ENGLAND captain Andrew Strauss admits his side are feeling a sense of bitter disappointment after becoming victims of perhaps the biggest act of World Cup giant-killing of all-time.
After their uplifting recovery and subsequent draw against India on Sunday, England looked certain to follow-up with a commanding win against Ireland and record a second victory of the tournament.
The favourites cantered to what looked an insurmountable total of 327 for eight and then reduced Ireland to 111 for five, before Kevin O’Brien took over with a record breaking century.
The Nottinghamshire slugger struck the fastest ever World Cup century from 50 balls. He was eventually run out for 113 but Ireland kept their cool to seal an astonishing victory – they were backed at 399-1 in-running on a popular betting exchange – much to the astonishment of Strauss.
He said: “We thought we had done a reasonable job with the bat, we got Ireland five down and things looked comfortable.
“Our World Cup dream is not over, but we’ve been hemorrhaging runs too quickly. We’ve got to go away, lick our wounds. I’m at a loss to explain it.
“I don’t tend to rank my lowest moments – it’s not something I have a habit of doing – but it’s been a bitterly disappointing day for us.”
England are now on the brink of elimination having won just one of their opening three matches and will in all liklihood need to win their remaining three fixtures if they are to progress to the last eight, starting with South Africa on Sunday.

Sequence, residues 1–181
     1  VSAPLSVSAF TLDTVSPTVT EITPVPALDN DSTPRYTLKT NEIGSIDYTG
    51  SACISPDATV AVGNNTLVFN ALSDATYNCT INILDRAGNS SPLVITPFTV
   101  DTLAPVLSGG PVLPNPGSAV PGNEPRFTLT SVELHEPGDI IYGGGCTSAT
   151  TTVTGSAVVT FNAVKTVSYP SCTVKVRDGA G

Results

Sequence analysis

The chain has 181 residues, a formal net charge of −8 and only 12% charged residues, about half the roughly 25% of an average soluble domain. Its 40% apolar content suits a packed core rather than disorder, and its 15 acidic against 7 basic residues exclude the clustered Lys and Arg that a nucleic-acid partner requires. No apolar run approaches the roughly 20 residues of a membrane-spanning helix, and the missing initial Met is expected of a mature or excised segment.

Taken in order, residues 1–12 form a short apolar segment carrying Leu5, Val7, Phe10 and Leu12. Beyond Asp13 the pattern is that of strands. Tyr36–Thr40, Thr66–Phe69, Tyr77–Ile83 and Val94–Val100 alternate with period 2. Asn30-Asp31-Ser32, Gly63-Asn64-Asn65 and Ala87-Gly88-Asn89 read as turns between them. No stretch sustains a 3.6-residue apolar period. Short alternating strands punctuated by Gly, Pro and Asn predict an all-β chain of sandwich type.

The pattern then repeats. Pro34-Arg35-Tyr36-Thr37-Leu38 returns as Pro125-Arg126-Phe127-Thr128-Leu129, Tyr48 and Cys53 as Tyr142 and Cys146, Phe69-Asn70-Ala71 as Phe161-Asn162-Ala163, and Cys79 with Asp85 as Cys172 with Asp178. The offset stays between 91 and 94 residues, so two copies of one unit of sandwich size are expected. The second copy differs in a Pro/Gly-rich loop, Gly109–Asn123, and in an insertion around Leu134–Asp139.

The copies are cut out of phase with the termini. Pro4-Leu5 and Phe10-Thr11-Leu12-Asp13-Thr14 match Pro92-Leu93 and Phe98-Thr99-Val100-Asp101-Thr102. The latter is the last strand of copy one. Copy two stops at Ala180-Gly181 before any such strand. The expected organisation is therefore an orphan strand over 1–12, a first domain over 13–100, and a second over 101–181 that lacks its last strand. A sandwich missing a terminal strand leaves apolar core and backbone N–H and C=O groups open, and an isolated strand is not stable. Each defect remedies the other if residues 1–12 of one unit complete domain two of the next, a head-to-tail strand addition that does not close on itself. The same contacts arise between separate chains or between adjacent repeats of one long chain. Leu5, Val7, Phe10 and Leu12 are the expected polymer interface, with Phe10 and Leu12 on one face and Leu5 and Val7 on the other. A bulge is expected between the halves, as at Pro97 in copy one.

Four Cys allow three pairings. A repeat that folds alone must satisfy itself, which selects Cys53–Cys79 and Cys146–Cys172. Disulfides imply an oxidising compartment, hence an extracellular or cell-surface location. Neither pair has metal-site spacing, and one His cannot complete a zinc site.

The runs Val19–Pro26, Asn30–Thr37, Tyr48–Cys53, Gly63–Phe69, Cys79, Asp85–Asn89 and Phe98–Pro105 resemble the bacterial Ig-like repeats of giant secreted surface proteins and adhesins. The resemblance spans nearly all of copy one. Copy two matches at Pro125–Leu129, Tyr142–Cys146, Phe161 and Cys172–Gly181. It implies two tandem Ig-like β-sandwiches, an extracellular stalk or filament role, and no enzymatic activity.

Strauss revealed that both Kevin Pietersen and Graeme Swann picked up niggles against Ireland, but should be fit for the weekend’s showdown in Chennai.
While England will be contemplating significant changes for that must-win clash, there will be no such soul searching going on in the Irish camp after they completed the highest ever run chance in the 36-year history of the competition.
Their success was built on a mammoth sixth-wicket stand of 162 between O’Brien and Alex Cusack, the former hitting 10 fours and six sixes, the latter contributing 47 from 58 balls.
Both were run out in the closing stages, leaving John Mooney and Trent Johnston to finish the job. But there was no doubting the hero of the hour, O’Brien, who could scarcely comprehend what he and his side had accomplished.
“That’s a long way the best innings I’ve ever played,” he said. “It doesn’t get any better.
“I’ll take that – a World Cup 100 off 50 balls in front of a billion people under lights against England. I don’t think they knew what they were doing with the ball.”